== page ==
Willy Loman And The Common Misconception Of The “A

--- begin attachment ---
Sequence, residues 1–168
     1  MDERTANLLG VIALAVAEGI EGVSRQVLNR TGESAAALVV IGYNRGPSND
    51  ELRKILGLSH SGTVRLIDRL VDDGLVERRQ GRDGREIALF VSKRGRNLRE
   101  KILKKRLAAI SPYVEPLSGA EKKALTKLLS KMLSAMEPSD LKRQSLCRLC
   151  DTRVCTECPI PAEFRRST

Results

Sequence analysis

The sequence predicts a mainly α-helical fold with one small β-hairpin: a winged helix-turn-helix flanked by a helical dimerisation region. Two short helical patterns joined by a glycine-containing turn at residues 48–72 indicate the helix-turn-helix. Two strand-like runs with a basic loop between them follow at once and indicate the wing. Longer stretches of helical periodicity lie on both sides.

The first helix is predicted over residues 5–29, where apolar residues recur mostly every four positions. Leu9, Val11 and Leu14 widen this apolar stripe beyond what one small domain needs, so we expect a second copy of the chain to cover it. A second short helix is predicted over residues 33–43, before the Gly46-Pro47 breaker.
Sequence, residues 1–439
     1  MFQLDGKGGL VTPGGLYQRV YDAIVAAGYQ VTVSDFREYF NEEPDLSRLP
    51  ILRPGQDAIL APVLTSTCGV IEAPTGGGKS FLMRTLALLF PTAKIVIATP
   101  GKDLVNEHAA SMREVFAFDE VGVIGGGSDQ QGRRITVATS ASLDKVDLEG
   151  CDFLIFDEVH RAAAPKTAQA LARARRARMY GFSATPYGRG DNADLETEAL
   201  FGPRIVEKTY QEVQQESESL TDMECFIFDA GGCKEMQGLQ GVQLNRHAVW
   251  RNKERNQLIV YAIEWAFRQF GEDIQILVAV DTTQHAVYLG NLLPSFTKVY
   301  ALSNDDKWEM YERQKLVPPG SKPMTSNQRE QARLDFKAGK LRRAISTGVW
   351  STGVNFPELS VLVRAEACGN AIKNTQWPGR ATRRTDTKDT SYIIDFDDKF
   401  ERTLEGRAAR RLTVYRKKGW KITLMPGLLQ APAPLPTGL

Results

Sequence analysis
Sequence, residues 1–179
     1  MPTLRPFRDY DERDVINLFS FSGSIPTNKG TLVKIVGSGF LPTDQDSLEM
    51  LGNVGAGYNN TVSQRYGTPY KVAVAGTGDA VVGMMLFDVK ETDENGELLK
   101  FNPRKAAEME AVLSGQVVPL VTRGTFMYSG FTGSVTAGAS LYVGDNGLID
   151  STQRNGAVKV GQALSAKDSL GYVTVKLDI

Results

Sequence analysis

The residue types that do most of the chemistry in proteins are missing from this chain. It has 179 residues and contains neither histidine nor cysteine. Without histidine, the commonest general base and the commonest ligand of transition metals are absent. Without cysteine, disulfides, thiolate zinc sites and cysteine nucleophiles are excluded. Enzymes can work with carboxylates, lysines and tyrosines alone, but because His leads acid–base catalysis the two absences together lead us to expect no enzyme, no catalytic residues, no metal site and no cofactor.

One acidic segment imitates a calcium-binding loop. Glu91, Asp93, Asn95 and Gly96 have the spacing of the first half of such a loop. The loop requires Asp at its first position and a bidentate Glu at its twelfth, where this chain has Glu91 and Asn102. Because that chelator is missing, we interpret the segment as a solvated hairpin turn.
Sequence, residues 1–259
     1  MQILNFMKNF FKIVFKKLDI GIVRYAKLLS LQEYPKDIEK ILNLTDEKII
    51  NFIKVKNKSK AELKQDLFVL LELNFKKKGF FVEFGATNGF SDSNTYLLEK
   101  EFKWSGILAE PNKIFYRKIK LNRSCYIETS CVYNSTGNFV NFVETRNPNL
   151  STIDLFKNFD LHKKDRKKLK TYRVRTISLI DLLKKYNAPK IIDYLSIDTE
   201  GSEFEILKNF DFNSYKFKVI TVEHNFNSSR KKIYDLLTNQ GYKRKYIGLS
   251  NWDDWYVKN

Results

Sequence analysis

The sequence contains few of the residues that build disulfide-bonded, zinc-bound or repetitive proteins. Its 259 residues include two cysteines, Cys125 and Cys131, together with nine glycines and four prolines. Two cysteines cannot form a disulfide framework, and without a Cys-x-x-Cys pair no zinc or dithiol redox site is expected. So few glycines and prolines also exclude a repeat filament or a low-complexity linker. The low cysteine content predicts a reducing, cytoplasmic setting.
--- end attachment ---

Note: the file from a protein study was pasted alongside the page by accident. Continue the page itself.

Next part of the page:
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Willy Loman and the Common Misconception of the “American Dream” Throughout Arthur Miller’s play, Death of a Salesman, Willy Loman chases after the popular “American Dream” of the 1900s-to be a successful businessman with the white picket fence around your house, modern technology (such as cars and refrigerators), and the satisfaction of being able to provide for your own family. Unfortunately, this chase causes the Loman family to fail in their jobs and eventually leads Willy to commit suicide. It is easy to blame Willy for his death by simply calling him crazy, however there are many different factors that added to Willy’s fragile state. Fred Ripkoff states that in order to understand the identity crisis of Loman (and other Miller characters), that “it is necessary to understand shame’s relationship to guilt and identity.” (1). Willy struggled with finding his identity because he was so caught up in his chase for his “American Dream”. He refused to confront any feelings of shame because he was convinced it would make him look bad. However, in order to find one’s self, one must confront these feelings-no matter how painful they may be. Ripkoff also states that “the denial of such feelings cripples Willy and the rest of the Loman family.” (1). Willy’s oldest son Biff finally confronted these feelings in the end of the play and discovered his true identity, thus avoiding the same fate as his father. In a scene where Willy begs his brother Ben to stay with him a few more days, Willy reveals feelings of inadequacy and inferiority. He begs “Can’t you stay a few days? You’re just what I need, Ben, because I- - I have a fine position here, but I - - well, Dad left when I was such a baby and I never had a chance to talk to him and I still feel - - kind of temporary about myself.” (Arp, Johson, and Perrine 1475). The dashes, which represent self conscious pauses,
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